Tag Archives: CPP

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Brooks Financial 2017 Income Tax Changes

What’s New and Revised for the 2017 Personal Income Tax Return?

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The Government of Canada has announced several changes and improvements to personal income tax benefits and credits. The following should be considered for your 2017 personal income tax return:

  1. Those responsible for raising children under 18 years of age may be eligible for the tax-free monthly Canada Child Benefit (CCB) payment, which has replaced the Canada Child Tax Benefit. The Child Disability Benefit and provincial and territorial programs, may be included in the CCB. The National Child Benefit Supplement and the Universal Child Care Benefit have also been replaced.
  2. To qualify for the Northern Residence Deduction, you have to have been a permanent resident in a qualifying zone for a minimum of six months. The Basic and Additional Residency amounts have now been increased to $11 per day.
  3. As an Eligible Educator, you may qualify for a 15% tax credit for teaching supplies purchased in 2017 school year, to a maximum of $1000.

For more information on what’s new for the 2017 income tax season, contact Brooks Financial to discuss filing your 2017 personal income tax.

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An OAS and CPP Primer, understanding sources of government retirement income

An OAS and CPP Primer

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Understanding Government Sources of Retirement Income in Canada

The majority of Canadians spend their lives drawing income from one main source or employer during employment years. Retirement income, however, requires careful planning since we can no longer depend on one main source for our income.

Old Age Security (OAS) and Canada Pension Plan (CPP) are the two sources of retirement benefits that come from the Government of Canada. Both are significant components of your retirement income plan.

Old Age Security

  • Your monthly OAS benefit payment is based on your individual income (not household income), and you do not pay into it directly
  • You may still collect this benefit even if you’ve never worked or are still working
  • Monthly benefit payments are available to seniors age 65 and up
  • You can apply for OAS as early as 11 months before you want your benefits to commence
  • If you don’t meet the full criteria, you may still be eligible to receive a partial pension
  • You may defer receiving OAS benefits up to 5 years after you become eligible to get a higher monthly amount
  • There are no survivor benefits
  • Eligible seniors are automatically enrolled and do not need to apply for this benefit
  • This benefit is fully taxable
  • Visit https://www.canada.ca/en/services/benefits/publicpensions/cpp/old-age-security/payments.html for more information on OAS Payment Amounts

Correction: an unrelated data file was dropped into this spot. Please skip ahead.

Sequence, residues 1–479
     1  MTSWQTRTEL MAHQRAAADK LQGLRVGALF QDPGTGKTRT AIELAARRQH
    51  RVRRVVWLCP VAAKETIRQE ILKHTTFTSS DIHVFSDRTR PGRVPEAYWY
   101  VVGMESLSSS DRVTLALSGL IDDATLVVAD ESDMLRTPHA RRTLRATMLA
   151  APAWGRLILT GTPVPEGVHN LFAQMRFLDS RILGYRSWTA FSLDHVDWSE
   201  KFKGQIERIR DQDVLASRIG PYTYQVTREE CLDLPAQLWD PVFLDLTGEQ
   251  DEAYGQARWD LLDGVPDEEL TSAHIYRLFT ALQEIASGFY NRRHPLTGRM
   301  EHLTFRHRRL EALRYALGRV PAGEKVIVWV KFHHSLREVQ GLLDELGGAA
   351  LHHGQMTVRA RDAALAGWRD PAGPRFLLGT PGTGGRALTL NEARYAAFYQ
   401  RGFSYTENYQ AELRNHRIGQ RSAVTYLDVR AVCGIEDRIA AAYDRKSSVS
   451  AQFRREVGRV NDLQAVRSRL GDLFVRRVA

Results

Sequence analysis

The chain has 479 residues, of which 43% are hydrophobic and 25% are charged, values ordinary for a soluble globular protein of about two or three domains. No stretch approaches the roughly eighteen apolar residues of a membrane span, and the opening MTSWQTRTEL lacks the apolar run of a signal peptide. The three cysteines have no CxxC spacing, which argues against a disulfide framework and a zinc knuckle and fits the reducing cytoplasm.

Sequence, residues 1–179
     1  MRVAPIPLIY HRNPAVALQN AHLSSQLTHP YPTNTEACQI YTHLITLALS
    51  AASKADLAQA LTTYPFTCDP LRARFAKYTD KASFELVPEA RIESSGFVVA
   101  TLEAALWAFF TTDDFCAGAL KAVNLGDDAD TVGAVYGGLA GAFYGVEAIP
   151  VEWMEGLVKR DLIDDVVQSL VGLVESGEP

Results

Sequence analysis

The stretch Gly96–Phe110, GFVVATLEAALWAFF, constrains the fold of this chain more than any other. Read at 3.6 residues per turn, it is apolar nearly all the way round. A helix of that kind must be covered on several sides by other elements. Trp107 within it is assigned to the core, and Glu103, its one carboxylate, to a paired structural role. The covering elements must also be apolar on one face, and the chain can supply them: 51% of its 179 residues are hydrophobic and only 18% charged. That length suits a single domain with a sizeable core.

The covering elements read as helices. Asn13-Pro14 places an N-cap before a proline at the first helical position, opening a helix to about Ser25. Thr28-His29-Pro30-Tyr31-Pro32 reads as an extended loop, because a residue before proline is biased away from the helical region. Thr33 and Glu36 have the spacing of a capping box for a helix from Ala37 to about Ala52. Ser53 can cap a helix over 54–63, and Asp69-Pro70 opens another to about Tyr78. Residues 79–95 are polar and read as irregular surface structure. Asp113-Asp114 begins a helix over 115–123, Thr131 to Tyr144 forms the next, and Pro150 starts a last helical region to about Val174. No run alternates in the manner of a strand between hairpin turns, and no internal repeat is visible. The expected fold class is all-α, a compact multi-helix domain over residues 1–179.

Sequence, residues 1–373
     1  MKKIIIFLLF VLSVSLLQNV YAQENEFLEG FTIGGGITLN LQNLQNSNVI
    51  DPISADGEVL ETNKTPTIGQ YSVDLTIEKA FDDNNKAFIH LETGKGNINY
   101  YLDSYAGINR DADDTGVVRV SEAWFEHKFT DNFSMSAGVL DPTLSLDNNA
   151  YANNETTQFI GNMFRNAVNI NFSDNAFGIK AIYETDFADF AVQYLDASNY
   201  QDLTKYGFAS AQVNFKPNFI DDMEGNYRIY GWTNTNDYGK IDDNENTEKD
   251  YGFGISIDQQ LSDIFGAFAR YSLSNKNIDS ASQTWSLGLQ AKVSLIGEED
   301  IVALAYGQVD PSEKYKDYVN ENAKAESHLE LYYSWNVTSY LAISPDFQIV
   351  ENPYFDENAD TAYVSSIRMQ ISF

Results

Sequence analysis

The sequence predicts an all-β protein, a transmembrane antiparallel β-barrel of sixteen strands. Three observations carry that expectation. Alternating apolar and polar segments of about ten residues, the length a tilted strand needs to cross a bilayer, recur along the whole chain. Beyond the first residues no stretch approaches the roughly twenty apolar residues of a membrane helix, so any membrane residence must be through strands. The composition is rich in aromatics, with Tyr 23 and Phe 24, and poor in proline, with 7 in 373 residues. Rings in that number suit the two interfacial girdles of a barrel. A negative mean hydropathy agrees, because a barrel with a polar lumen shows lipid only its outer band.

Canada Pension Plan

  • Your monthly CPP benefit payment depends on the level of contributions made by you and your employer during your employment
  • You may choose to receive your full benefit at age 65
  • You may receive your benefit as early as age 60 with a deduction
  • You may postpone your benefit payments until the age of 70 to receive an increase in your monthly payment
  • Upon death, a lump sum is paid to your estate, up to a maximum of $2500
  • You must apply for this benefit, it does not commence automatically
  • This benefit is taxable income
  • Visit https://www.canada.ca/en/services/benefits/publicpensions/cpp/cpp-benefit/amount.html for more information on Canada Pension Payment Amounts

Old Age Security and Canada Pension Plan are just two of several possible retirement income sources. Contact Brooks Financial today to get started on creating a retirement income plan that will minimize your tax payments and maximize your income during your retirement.

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Divorce? Not All Assets Are Equal – Tesia Brooks CFP CDFA

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imageNot All Assets are Equal

It is common with separating couples for one spouse to want to keep the family home while the other wants to keep their pension.

I recently worked with a woman going through a divorce after 15 years of marriage.

She had worked part time for the duration of the marriage to enable her to have more time at home with their children. He had continued to grow his career in his corporate position that provided him with a defined benefit pension.

During the separation process, the wife wanted to keep the family home to ensure a stable environment for the children. The husband wanted to keep his pension.

Based on the net property statement (value of all the marital assets minus marital debts including taxes) this scenario saw the wife owing her husband an equalization payment.

When I sat down with her to review the outcome of this scenario she was shocked. She had no idea that she would have to pay him (an equalization payment) as she thought the value of the pension would outweigh the value of the house.

I also showed her what her financial life would look like in the short term and 25 years down the road, based on this scenario.